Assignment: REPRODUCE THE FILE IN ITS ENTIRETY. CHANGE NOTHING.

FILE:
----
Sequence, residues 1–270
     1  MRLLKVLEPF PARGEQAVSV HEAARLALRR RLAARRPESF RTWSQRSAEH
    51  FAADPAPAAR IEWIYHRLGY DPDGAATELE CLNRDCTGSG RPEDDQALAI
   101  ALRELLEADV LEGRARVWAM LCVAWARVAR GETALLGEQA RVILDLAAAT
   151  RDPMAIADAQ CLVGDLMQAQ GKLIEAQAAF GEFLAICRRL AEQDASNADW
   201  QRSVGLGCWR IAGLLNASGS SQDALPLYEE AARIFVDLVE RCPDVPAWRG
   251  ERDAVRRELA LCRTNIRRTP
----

Sequence, residues 1–270
     1  MRLLKVLEPF PARGEQAVSV HEAARLALRR RLAARRPESF RTWSQRSAEH
    51  FAADPAPAAR IEWIYHRLGY DPDGAATELE CLNRDCTGSG RPEDDQALAI
   101  ALRELLEADV LEGRARVWAM LCVAWARVAR GETALLGEQA RVILDLAAAT
   151  RDPMAIADAQ CLVGDLMQAQ GKLIEAQAAF GEFLAICRRL AEQDASNADW
   201  QRSVGLGCWR IAGLLNASGS SQDALPLYEE AARIFVDLVE RCPDVPAWRG
   251  ERDAVRRELA LCRTNIRRTP